Hopefully, the following pictures expand the directions for Row 2.

Monday, April 7, 2014

"Garden Series" Crochet Edgings: #2-Posies

This is the second thread crochet edging in my Garden Series. "Posies" has just two rows with a very simple scallop. Prepare the towel and begin the Foundation Row as in the Garden Fence Edging. Use a washable marking pen to mark 3/8-inch marks across the edge. Push an embroidery awl through the first mark to make a tiny hole. Pull up the thread a make the first slip stitch on the hook. Chain 4. Use the awl to make several more holes at the marks. (Stay ahead of your crochet about 8-10 holes). *(Sc, ch 3) in the hole at the next mark. Repeat from * across. (See the first part of the tutorial at the above link if you need pictures for this foundation row.)

Row 1: Ch 3; turn. 2 dc in first ch-3 space. Ch 1, (3 dc, ch 1) in each ch-3 space across. Ch 1; turn.

Row 2: Skip next dc. Sc in middle dc. [Skip next dc, 3 dc in ch-1 space, skip dc, sc in middle dc] across to last stitch. Sc in last stitch. Fasten off. Weave in ends.

"Jonquils" is the third edging in this Garden Series. Watch for it in the next couple of days.

Wednesday, April 2, 2014

"Garden Series" Crochet Edgings: #1-The Garden Fence

This edge is quite similar to the crocheted edge on the gingham towels in the last post, but is crocheted directly onto the towel and is narrower in width. The benefit of crocheting directly onto the towel is that the process is much quicker than making the lace and hand-sewing it on. A sad fact is that the lace will be discarded along with the worn-out towel. Crocheted lace is extremely durable and will far outlast the towel, but the process of unpicking hand stitching, fitting the lace to a new towel and then re-sewing the lace by hand may truly be more work than most people would find time for. So, I simply use patterns that are quick to crochet and try to remember that my work will bring happiness during the time in use and let go. The stitch used in this edging is double crochet which goes very fast for me. It reminds me of the pretty wire fencing around our front yard.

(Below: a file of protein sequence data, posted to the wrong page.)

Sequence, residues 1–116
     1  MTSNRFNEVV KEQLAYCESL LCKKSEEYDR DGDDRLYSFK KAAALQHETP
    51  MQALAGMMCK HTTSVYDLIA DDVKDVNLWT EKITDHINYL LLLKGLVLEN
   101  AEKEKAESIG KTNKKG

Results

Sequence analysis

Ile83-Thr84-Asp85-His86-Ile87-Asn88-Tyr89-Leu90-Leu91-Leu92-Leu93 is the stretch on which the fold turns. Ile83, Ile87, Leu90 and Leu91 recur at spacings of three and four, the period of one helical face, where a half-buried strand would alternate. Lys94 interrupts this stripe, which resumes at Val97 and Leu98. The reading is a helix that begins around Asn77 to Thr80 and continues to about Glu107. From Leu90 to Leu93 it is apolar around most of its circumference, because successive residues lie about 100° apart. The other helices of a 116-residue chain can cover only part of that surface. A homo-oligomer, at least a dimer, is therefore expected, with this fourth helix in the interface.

Garden Fence Edging:

Foundation Row: Use a washable marking pen to mark 3/8-inch marks across the edge. Push an embroidery awl through the first mark to make a tiny hole.

Pull up the thread and make the first slip knot. Chain 4.


(Use the awl to make several more holes at the marks. Stay ahead of your crochet about 8-10 holes.) *Sc, ch 3 in the next mark. Repeat from * across, ending with a sc in the last hole.

Row 1: Ch 3; turn. 2 dc in the next ch-3 space, ch 1. (3 dc, ch 1) in each ch-3 space across to last space. 3 dc in last space. Ch 3; turn.

Row 2: 2 dc in next 2 dc, ch 1. Skip next ch-1 space. 3 dc in next 3 dc, ch 1. Repeat [Skip next ch-1 space. 3 dc in next 3 dc, ch 1] across to last group of three dc. 3 dc in last 3 dc; turn.

Row 3: Skip next dc, dc in next dc, ch 2, dc in same dc. Sc in next ch-1 space. Repeat [Skip next dc, dc in next dc, ch 2, dc in same dc. Sc in next ch-1 space] across to last group of three dc. Skip next dc, (dc in next dc, ch 2, dc in same dc). Sc in last dc. Fasten off. Weave in ends.

I have two more edging patterns designed for this set of towels. Check back for these tutorials next week.